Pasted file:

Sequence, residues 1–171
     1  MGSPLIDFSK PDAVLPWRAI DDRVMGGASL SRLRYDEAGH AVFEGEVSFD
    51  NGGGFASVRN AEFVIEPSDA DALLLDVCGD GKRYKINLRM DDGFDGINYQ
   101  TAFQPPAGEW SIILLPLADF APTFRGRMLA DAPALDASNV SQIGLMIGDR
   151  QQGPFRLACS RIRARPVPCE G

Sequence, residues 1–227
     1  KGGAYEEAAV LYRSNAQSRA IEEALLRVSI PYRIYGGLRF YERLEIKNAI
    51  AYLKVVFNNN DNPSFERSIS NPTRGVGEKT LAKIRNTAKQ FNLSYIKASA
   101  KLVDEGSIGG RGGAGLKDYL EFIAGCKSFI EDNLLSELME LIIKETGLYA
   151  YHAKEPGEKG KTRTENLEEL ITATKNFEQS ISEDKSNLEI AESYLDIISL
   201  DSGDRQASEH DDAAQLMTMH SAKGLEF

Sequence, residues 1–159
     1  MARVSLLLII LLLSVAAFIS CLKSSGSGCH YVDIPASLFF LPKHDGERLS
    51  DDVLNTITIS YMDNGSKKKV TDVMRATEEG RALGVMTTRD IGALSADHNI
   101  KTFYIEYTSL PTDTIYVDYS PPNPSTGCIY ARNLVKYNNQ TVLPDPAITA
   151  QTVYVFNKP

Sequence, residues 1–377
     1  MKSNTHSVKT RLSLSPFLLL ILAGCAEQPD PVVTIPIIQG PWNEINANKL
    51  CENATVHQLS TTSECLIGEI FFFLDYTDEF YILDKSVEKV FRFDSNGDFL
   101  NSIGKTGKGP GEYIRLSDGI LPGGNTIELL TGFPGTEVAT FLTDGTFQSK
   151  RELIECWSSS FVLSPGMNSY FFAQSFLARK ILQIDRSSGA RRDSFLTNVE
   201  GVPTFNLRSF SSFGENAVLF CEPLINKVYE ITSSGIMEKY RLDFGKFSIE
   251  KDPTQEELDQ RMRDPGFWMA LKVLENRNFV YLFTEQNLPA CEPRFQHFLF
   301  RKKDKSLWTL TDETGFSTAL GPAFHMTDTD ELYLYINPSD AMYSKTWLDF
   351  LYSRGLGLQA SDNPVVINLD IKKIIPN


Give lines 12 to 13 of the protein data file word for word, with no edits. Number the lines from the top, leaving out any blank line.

Sequence, residues 1–159
     1  MARVSLLLII LLLSVAAFIS CLKSSGSGCH YVDIPASLFF LPKHDGERLS